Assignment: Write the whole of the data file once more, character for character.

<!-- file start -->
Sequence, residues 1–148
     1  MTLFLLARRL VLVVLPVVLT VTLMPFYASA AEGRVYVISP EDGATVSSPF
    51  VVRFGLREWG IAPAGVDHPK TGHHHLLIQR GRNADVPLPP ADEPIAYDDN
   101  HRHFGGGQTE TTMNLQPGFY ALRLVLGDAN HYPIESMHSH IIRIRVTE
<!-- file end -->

Sequence, residues 1–148
     1  MTLFLLARRL VLVVLPVVLT VTLMPFYASA AEGRVYVISP EDGATVSSPF
    51  VVRFGLREWG IAPAGVDHPK TGHHHLLIQR GRNADVPLPP ADEPIAYDDN
   101  HRHFGGGQTE TTMNLQPGFY ALRLVLGDAN HYPIESMHSH IIRIRVTE